> http://www.flickr.com/photos/tags/australia/
> http://www.flickr.com/explore/interesting/7days/

I couldn't find any images on those pages that, per the current HTML5 
text, are allowed to have the alt={...} text. (They are all inside images 
and therefore all require some useable alternative text.)

In fact in all those cases, one wouldn't _need_ to come up with 
descriptive alternative text. On the first for example, the image caption 
or author, or some of the image's tags, works fine as alternative text, 
since the image is merely a thumbnail that leads to the image itself.


> What josh provided was one set of videos, this in way way can be 
> considered a basis for any decisions, the study is in no way 
> 'scientific' or objective

It's a whole heck of a lot more useful than nothing, which is what we have 
backing up the "always require alt even if it means the site has to chose 
between compliance and going out of business" arguments that have been put 
forward here.


> > That is why it is more important to base our decisions on actual 
> > objective research.
> 
> All the decisions appear to be made by you, so the use of 'our' seems 
> incorrect here. where is this 'objective research'??

Well, the tentative decision to use {...} was based on this research:

 * it's objectively verified that there are pages that have images that 
   have no alternative text available where the generators of the HTML 
   are not able to obtain that data. See, for example, all the pages 
   listed at the top of this e-mail.

 * it's objectively verified that requiring alt="" attributes does not 
   lead to image sharing sites requesting alternative text from their 
   users. Evidence: HTML4 requires alt="" attributes, Flickr doesn't 
   require users to enter alternative text.

 * it's objectively verified that such sites are major sites and are an 
   important part of the Web ecosystem. For example, photobucket is #26 on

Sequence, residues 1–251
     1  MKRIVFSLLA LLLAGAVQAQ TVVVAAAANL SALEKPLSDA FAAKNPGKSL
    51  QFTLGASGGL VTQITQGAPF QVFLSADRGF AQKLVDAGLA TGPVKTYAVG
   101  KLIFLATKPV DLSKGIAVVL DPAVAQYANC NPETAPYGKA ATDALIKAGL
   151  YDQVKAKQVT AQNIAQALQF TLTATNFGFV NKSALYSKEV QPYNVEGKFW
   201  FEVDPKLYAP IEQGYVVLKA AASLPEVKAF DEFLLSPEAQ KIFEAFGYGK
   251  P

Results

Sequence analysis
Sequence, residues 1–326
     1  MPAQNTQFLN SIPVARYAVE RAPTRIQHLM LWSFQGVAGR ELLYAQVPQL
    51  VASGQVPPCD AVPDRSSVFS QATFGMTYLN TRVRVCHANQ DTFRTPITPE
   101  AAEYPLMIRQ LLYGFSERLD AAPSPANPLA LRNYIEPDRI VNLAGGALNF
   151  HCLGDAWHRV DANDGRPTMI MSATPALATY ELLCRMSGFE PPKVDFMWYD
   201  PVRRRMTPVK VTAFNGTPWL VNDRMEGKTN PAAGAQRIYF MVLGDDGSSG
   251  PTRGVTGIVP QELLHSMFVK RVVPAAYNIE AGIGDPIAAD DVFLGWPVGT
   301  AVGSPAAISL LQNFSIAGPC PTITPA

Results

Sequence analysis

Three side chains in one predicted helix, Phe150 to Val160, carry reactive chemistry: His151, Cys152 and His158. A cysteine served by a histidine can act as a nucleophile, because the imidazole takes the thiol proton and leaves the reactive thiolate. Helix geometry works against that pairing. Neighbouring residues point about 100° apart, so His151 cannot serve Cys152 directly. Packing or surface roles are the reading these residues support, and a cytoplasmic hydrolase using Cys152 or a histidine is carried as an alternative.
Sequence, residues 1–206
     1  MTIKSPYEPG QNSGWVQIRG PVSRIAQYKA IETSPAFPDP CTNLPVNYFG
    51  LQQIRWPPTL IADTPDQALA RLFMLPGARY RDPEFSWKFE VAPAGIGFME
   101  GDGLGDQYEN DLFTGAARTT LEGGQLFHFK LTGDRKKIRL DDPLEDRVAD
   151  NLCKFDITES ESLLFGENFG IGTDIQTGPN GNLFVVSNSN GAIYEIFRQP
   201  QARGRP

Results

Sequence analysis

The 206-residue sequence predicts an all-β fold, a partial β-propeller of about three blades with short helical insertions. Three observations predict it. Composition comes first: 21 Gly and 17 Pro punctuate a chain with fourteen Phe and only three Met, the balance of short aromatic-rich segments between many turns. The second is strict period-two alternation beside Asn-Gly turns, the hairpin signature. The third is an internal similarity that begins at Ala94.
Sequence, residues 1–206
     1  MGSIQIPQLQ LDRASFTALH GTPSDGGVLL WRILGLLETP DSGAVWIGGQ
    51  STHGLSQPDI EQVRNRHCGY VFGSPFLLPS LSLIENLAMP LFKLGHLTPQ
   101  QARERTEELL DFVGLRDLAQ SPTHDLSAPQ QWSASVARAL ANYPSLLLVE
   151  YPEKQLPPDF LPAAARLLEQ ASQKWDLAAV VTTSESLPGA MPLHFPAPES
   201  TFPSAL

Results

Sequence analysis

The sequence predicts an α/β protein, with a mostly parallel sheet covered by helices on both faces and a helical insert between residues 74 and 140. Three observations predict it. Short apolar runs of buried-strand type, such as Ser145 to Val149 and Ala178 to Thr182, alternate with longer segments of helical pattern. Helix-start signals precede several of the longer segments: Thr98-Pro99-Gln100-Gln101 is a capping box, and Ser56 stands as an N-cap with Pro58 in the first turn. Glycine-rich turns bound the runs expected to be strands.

the Alexa top 500, Flickr is 39:
   http://www.alexa.com/site/ds/top_sites?ts_mode=global&lang=none
   (Other ranking sites lead to similar conclusions.)

These three points lead to this decision:

=> We should allow sites to be written that include images from users even 
   if the sites do not have suitable replacement text.

Now, to design the mechanism to allow this, several ideas were considered:

 * Omitting alt="" altogether for these cases.

 * Having a special syntax inside alt="" for these cases.

 * Having a new attribute for these cases.

To decide between these, Philip and I both did studies examining alt="" 
values. Some of the research is described here (sorry for not making it 
available in more convenient forms):

 * http://philip.html5.org/data/alt-in-braces.txt
 * http://damowmow.com/temp/alt-in-braces.txt
 * http://krijnhoetmer.nl/irc-logs/whatwg/20080603#l-65
 * http://krijnhoetmer.nl/irc-logs/whatwg/20080802#l-142
 * http://krijnhoetmer.nl/irc-logs/whatwg/20080803#l-3

It indicates the alt={...} is pretty rare today. It also indicates that 
alt="" being omitted is pretty common today too (despite HTML4 requiring 
it, though that's another story).

The following arguments impacted the decision, though they have nothing 
beyond logic, anecdotal evidence, or conclusions derived from unpublished 
studies to back them up:

 * Introducing attributes for features that are supposed to be an 
   indicator of a problem (lack of alt text, in this case) isn't good 
   language design, as it brings it too much into prominence.

 * An attribute would almost certainly be copied around unintentionally 
   by authors leading to it being at least as unreliable as the special 
   syntax if not more.

 * An attribute introduces a whole class of extra conformance errors and 
   complications, such as what to do when it is used with or without the 
   alt="" attribute.

All the above led to what the spec says today, which is the alt={...} 
idea.

Since the above, however, it has been pointed out that one problem with 
the alt="{...}" idea exists that wasn't previously considered, namely that 
it makes it harder for systems that _are_ trying to automate alternative 
text creation to do so, since they now have to avoid accidentally using 
the {...} syntax. This dramatically lowers the attractiveness of the {...} 
idea, leaving pretty much only omitting alt="" for these cases as a 
least-worse option.

-- 
Ian Hickson               U+1047E                )\._.,--....,'``.    fL
http://ln.hixie.ch/       U+263A                /,   _.. \   _\  ;`._ ,.
Things that are impossible just take longer.   `._.-(,_..'--(,_..'`-.;.'
Received on Friday, 22 August 2008 22:45:49 UTC